Four women human rights defenders with a mission

March 25, 2020

The Bandera County Courrier of 7 March 2020 referred to the following four women human rights defenders from four non-European countries who should serve as examples for the many who are tirelessly fighting for their rights.

Mexico: Norma Librada Ledezma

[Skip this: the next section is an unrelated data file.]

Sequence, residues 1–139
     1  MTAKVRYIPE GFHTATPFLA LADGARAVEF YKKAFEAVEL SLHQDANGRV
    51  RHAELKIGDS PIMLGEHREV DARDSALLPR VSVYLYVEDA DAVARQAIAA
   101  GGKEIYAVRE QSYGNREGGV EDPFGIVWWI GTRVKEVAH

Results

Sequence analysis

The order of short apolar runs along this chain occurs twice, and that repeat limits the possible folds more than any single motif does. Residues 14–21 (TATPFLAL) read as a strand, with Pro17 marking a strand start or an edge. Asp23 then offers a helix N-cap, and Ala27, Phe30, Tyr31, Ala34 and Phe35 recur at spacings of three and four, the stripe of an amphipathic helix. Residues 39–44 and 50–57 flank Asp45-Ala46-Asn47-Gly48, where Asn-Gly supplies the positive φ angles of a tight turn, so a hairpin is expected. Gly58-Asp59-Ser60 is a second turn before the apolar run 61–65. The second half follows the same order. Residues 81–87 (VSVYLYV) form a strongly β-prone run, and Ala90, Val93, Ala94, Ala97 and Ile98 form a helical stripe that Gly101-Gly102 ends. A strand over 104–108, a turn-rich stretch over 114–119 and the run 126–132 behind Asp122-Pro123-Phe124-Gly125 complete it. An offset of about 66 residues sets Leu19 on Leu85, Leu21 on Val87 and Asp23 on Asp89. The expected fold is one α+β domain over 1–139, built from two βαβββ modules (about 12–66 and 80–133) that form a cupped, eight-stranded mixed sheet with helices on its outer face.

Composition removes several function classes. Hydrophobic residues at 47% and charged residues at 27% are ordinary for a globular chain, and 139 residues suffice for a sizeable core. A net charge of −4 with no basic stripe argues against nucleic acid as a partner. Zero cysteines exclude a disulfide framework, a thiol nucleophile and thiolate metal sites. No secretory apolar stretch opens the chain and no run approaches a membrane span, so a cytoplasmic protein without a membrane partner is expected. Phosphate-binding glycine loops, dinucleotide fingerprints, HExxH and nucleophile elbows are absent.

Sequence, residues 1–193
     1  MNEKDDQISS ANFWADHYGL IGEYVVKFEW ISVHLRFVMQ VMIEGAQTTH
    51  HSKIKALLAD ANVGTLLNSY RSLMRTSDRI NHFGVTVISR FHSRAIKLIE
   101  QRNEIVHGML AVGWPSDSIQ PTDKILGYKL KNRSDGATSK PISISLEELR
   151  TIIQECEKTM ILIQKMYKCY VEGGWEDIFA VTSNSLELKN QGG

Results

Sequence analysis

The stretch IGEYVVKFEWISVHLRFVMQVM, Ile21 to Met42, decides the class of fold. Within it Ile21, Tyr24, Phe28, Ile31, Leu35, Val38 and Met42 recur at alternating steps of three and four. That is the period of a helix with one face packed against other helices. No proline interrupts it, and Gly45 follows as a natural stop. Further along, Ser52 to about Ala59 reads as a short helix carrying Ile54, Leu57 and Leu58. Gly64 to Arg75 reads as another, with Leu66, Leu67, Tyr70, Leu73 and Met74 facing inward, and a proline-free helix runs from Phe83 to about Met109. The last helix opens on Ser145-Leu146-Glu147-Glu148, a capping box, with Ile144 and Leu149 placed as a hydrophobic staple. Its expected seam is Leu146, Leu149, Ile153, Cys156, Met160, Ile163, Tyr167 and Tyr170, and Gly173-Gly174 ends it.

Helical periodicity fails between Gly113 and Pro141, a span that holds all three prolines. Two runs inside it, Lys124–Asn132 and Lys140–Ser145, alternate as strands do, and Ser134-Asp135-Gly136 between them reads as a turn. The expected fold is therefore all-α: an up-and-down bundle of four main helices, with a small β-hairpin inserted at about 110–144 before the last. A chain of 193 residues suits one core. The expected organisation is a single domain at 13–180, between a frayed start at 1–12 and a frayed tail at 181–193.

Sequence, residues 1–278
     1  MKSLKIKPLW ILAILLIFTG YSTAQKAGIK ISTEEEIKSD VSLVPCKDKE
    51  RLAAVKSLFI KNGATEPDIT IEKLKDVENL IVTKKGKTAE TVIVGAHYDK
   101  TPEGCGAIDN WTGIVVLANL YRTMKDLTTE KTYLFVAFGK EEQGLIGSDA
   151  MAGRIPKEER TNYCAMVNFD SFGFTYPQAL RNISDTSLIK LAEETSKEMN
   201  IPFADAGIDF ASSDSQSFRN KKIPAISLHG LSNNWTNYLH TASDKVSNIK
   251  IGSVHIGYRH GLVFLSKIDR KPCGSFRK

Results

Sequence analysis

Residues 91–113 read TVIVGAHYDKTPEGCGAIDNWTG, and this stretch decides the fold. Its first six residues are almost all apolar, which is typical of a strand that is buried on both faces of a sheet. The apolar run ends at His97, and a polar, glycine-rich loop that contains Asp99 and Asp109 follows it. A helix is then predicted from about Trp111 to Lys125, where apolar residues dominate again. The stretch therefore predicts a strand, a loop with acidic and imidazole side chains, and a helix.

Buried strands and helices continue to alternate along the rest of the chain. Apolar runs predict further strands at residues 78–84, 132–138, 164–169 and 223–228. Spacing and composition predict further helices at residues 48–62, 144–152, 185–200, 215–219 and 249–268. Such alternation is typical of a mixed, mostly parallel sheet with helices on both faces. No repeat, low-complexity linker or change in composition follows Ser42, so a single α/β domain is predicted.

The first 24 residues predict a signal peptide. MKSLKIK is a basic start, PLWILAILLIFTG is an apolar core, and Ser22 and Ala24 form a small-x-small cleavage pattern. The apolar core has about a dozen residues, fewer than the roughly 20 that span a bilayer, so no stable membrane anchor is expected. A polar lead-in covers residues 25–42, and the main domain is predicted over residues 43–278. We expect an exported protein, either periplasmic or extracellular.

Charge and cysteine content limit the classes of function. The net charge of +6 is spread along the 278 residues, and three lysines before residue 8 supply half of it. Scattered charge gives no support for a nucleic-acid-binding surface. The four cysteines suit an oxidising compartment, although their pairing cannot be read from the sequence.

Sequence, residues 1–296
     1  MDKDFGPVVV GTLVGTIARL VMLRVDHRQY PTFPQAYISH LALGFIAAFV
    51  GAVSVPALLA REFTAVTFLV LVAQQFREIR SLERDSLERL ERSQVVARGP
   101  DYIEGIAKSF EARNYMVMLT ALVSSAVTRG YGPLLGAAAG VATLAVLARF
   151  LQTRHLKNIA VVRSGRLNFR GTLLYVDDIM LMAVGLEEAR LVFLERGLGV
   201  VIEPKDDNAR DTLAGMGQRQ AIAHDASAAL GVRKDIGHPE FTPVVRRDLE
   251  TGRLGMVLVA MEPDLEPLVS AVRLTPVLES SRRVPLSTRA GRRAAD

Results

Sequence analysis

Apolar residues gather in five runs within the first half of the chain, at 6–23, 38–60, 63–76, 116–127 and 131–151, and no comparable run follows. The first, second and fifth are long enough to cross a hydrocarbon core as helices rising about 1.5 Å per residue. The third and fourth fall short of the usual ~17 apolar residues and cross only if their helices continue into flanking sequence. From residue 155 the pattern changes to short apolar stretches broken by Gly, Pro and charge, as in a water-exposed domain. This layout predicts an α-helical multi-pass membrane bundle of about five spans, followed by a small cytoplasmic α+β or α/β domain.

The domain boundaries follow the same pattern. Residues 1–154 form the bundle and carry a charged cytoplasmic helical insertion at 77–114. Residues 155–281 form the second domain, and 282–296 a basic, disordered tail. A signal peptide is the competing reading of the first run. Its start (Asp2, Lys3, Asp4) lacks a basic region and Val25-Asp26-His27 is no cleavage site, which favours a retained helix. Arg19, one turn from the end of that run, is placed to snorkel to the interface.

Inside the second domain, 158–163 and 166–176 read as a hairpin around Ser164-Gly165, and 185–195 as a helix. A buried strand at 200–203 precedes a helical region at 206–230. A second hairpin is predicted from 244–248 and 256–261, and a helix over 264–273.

Norma Librada Ledezmas 15 – year-old daughter Paloma disappeared on2  March 2002 in Chihuahua, Mexico. 27 For days, the mother searched desperately for her daughter . The police did not give her any support. At the 29. March 2002 Paloma’s body was found. Ledezma is convinced that if the police had investigated earlier and more thoroughly, their daughter could have been saved. That day, the Mexican founded the organization “Justicia para nuestras hijas”, which means: justice for our daughters. This provides legal advice and support in cases of feminicide (murder of women). The same applies to human trafficking and kidnapping. Ledezma wants justice for the victims and the families affected. The Mexican has already supported more than 200 investigations into cases of feminicide and kidnapping. The death of her daughter Paloma is not an isolated case in Mexico. According to UN Women, around ten women are killed in Mexico every day. Ledezma has been able to improve the investigation of feminicides in the country with her work. The Mexican woman has also set up a public prosecutor’s office in Chihuahua that specializes in crimes against women as victims. For her commitment, Ledezma has been nominated for the Martin Ennals Human Rights Award, an award for people and organizations who are committed to protecting human rights. [see also: https://humanrightsdefenders.blog/2019/12/05/daughters-murder-motivated-norma-ledezma-to-hunt-for-mexicos-disappeared/]